I have MGUS
I started having health issues when I was a very young gal around 4. I was told at a plasma center when I was 18 I couldn’t donate and I should be the one on the table receiving a donation. The doctor told me to go see an oncologist and I never did. For four years I complained to my primary doctor my symptoms and she finally told me to go see a psychologist. I did as told and they told me to get a different doctor. I did. The new doctor sent me to Roger Maris Cancer Center in Fargo, ND for some tests Sept. 12th, 2012. Within two hours they told me I had MGUS and what to look for as far as symptoms. I went to the doctors every 6 weeks for the first year.(2013) Then I became extremely anemic and hormones way out of wack. Roger Maris did nothing for me. I kept calling the nurse and telling her that I was getting sicker and sicker. Nothing again done. I made an appt with Mayo. Had many tests and stayed for 4 days seeing many doctors. (2014) Now it’s 2016 and I spent 3 weeks in the hospital. I have gone from first stage plasma cells to red blood cells to problems with white cells. Always getting infections. Anyone else out there with MGUS?
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Wow I am so sorry that no medical professional had the MGUS discussion with you. That is inexcusable.
For me, having a HEM/ONC doc whom I can trust is essential. I hope you have found one and that he or she is a good communicator. Personally, I have no patience hearing how the watch is made, I just want to know what time it is. I don’t want to feel like I have to research every aspect of this disease and treatment thereof. I want to be able to trust my medical professionals.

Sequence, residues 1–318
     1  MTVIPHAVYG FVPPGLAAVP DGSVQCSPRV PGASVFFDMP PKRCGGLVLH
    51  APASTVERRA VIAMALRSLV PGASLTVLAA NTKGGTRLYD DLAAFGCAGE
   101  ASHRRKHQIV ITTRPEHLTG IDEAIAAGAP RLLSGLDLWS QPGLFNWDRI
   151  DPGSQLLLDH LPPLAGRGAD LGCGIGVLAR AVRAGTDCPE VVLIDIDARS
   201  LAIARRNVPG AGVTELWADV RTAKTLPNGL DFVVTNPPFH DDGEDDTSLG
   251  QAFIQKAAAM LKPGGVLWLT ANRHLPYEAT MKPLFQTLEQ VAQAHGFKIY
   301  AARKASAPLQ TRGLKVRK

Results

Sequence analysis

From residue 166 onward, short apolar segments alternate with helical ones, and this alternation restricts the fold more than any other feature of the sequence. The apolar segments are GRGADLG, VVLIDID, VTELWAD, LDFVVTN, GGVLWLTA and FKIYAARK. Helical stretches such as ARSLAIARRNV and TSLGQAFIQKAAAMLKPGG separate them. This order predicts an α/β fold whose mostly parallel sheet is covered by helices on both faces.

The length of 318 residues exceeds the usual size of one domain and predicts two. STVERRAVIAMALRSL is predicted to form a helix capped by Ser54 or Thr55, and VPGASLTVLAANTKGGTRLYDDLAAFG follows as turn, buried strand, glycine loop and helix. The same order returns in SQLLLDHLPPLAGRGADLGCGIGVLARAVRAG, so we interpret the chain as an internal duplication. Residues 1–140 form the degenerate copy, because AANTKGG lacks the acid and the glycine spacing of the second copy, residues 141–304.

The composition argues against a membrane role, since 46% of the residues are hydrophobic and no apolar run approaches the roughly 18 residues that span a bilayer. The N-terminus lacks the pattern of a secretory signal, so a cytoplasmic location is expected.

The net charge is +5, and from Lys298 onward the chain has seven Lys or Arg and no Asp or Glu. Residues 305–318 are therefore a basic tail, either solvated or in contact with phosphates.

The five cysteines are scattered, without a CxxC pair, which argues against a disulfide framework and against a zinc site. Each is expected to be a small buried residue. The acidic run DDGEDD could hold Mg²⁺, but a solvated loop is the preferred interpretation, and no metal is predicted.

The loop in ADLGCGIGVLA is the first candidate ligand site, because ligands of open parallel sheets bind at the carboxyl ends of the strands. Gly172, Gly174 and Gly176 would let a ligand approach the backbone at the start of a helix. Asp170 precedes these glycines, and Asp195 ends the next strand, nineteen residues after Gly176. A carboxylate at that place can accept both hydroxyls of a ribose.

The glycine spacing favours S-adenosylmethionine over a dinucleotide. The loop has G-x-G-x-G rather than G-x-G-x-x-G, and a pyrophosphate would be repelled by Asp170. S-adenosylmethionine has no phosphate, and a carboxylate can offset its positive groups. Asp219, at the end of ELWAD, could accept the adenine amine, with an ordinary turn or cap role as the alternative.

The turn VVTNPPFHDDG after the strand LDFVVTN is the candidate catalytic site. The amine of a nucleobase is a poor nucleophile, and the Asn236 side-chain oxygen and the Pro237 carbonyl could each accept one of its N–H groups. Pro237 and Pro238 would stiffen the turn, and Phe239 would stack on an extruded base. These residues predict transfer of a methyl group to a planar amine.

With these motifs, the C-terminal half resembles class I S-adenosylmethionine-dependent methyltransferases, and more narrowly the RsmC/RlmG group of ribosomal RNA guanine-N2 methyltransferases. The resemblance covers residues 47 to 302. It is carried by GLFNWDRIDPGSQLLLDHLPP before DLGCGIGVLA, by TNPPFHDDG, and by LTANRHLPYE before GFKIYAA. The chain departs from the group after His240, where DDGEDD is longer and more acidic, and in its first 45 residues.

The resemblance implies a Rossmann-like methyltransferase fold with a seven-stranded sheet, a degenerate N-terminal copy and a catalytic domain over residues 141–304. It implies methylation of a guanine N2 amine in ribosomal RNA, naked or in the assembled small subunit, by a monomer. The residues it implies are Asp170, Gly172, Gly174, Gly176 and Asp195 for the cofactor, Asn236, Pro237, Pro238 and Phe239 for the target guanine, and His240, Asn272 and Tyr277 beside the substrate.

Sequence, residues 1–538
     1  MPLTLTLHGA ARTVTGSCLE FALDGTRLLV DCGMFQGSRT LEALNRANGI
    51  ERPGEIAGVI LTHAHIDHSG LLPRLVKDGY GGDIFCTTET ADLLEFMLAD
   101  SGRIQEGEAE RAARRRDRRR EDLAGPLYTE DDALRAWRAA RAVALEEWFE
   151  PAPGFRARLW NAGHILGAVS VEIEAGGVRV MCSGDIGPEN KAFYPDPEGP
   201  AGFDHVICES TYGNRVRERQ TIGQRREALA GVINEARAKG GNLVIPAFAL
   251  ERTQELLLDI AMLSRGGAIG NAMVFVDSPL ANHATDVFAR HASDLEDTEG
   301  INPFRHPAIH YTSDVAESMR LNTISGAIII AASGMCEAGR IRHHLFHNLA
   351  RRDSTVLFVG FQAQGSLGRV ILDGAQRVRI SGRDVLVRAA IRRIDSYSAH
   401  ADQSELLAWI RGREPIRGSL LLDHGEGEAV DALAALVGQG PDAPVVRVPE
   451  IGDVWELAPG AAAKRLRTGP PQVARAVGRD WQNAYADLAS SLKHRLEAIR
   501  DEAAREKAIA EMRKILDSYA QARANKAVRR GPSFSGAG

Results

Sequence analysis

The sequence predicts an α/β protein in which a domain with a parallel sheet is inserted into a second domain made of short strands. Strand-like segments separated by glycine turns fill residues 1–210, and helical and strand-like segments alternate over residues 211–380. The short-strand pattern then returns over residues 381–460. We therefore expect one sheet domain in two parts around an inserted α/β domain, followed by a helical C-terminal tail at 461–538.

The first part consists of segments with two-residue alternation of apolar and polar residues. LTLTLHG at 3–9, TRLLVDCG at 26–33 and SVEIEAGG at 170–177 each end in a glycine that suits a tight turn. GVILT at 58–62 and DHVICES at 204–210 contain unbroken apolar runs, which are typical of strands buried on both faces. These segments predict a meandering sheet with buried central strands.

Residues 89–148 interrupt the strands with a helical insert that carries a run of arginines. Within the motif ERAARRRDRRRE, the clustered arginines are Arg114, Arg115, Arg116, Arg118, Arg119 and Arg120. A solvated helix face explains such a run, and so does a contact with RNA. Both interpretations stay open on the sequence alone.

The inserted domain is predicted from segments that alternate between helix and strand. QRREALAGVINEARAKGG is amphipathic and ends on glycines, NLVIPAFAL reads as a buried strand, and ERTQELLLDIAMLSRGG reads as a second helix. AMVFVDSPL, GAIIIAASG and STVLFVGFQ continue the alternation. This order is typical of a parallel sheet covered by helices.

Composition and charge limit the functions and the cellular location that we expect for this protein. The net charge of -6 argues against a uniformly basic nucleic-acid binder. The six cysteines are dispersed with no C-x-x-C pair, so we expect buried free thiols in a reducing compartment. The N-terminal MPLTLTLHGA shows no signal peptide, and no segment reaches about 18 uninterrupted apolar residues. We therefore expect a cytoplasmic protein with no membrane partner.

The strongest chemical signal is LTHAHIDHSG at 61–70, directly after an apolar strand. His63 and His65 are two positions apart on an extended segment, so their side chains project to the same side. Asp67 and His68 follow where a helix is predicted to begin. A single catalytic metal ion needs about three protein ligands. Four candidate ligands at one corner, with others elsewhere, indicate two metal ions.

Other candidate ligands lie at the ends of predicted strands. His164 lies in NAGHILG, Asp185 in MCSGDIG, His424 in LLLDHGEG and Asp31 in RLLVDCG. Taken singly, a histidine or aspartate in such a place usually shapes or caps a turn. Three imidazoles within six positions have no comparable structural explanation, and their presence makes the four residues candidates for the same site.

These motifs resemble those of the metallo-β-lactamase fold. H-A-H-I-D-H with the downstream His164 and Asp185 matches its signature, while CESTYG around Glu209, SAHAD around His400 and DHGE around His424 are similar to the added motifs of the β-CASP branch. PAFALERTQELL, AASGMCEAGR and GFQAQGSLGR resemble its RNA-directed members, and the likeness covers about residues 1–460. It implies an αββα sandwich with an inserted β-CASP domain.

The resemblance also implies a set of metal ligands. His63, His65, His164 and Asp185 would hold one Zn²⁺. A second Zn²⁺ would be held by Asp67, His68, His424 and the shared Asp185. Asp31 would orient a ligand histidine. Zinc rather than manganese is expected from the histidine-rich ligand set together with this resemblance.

The amount of knowledge floating around among the posts is awesome!
Ginger -thank you for your response. I am sorry to hear of your progression I am still a bit overwhelmed by the info I’m reading but your post and advice on taking charge of my care has helped so much. It’s a comfort to have found this site and others like you who are willing to share.
You do not have cancer. MGUS is not cancer. Now if it progresses that’s a different thing. Unless you’re filling out an application for life insurance, you do not need to include that information. It’s really none of their business. Life insurance does not exclude. MGUS or even cancer.
When I was first diagnosed, I was very anxious, but over a year later, it’s not something that I even think about too much. I go to the doctor every three months for blood draws, and consultation. Other than that, I’m not impacted on a daily basis.